Let’s stop bewildering our students. Give them “Dombey and Son” instead. Sure, it is long. But it has a page-turning plot and lively characters, and it will show them that it is adults, with their careers and their corporations, who are messed up. That they will understand.

4. “David Copperfield” is autobiographical.

Is D.C. really C.D. — Charles Dickens? The temptation is great to read “David Copperfield” as a mirror for Dickens’s life. After all, the novel is a first-person story of a boy who grows up to be a famous author. Dickens even wove in a short “autobiographical fragment” that he had written before beginning the book. His description of young Copperfield at work at Murdstone and Grinby’s warehouse draws directly on his childhood: At age 12 he labored at a shoe-blacking warehouse. “A very complicated interweaving of truth and fiction,” Dickens declared, boasting that “I really think I have done it ingeniously.”

And he has. But readers need to keep in mind that this story is indeed fiction. Unlike Copperfield, for instance, Dickens never dealt with the death of his wife, never idolized a childhood friend who went bad like Steerforth and never walked for six days across England to go live with an aunt.

5. He is a novelist of London.

It seems a truism to say that Dickens’s city was London and that London found itself in Dickens. Leave the provinces to George Eliot and the industrialized north to Elizabeth Gaskell. Dickens belonged to the people of the city. The density, the hurried energy, the dirt and chaos, the clashing of classes: Dickens’s novels spoke to 19th-century life in London.

And yet whenever Dickens is yoked to London and Britain, an aspect of the city and the author gets diminished. Not one of Dickens’s novels unfolds solely in London. Pickwick perpetually leaves to race around the regional stagecoach network from Bury St. Edmunds to Bristol. In “The Old Curiosity Shop,” Little Nell flees by foot on a tragic highway trek through Birmingham.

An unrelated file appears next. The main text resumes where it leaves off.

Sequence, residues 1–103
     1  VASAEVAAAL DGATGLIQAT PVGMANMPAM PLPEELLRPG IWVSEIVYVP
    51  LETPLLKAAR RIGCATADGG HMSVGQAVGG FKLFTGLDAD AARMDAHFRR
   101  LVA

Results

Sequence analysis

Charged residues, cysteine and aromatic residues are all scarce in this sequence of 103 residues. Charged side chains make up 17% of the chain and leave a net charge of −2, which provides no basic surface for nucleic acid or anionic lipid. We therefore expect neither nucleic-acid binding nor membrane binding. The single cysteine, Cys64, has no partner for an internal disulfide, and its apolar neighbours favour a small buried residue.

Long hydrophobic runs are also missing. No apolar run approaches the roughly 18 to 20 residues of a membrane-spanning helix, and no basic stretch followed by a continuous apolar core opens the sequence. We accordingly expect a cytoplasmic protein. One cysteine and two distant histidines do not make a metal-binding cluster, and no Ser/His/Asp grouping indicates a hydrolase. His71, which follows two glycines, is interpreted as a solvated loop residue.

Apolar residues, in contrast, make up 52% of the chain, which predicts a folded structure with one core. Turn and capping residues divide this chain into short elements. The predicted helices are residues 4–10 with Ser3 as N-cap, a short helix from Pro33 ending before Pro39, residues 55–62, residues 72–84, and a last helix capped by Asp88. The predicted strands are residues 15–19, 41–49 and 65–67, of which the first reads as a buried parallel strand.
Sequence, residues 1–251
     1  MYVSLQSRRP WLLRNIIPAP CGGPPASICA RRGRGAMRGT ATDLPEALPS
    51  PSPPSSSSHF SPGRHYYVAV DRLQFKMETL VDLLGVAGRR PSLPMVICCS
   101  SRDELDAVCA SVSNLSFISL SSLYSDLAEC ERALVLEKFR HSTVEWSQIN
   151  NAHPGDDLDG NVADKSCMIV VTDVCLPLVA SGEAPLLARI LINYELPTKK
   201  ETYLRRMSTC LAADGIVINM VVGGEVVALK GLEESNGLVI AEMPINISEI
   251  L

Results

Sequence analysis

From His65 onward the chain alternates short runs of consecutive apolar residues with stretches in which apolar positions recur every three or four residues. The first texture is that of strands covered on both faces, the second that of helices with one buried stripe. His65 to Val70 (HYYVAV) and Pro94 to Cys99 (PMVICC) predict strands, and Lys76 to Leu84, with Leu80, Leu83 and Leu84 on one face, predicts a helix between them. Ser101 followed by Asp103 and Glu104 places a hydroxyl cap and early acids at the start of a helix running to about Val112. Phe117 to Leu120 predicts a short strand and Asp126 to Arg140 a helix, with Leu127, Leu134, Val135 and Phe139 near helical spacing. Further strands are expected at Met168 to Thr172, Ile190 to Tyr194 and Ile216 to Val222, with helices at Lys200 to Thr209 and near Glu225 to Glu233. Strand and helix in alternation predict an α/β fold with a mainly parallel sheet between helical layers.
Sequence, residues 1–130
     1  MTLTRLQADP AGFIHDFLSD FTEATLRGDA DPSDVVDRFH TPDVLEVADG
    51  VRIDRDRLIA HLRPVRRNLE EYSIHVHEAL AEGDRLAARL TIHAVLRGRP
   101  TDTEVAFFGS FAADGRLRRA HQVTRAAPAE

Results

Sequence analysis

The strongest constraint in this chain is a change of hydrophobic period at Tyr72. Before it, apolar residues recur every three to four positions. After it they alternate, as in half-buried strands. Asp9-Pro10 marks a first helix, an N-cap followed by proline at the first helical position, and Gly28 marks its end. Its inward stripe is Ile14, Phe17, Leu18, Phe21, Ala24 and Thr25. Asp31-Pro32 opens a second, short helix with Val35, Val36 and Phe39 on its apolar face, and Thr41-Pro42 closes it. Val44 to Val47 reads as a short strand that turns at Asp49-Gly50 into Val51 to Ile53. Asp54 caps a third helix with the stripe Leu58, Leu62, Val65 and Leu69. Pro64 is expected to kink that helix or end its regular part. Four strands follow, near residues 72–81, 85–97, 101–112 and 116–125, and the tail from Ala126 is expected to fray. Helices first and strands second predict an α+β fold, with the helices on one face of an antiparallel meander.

Setting his stories solely in London would have falsely portrayed the city. And with “Little Dorrit,” Dickens begins to weave the threads of his stories internationally. “A Tale of Two Cities” encompasses London and Paris, with activity in both places appearing to unfold simultaneously. “Great Expectations” ties Pip’s London life to a shepherd in Australia.

Dickens never forgets that London draws its meaning — and much of its traffic — from being a national and global crossing place.

jhg@ucla.edu

Jonathan H. Grossman, the author of “Charles Dickens’s Networks: Public Transport and the Novel,” is an English professor at the University of California at Los Angeles.

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Five myths about Jane Austen

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Happy birthday, Charles Dickens! Tuesday marks the bicentennial of the writer’s birth, and celebrations around the world are showcasing his life’s work. His fiction is still widely read and has been adapted for the silver screen many times over. “Great Expectations,” for instance, has been filmed more than a dozen times, and new television and movie versions are being released this year. Dickens joked that “various idle speculations and absurdities” were “industriously propagated” about him. Let’s rectify a few half-truths that threaten to distort his accomplishments.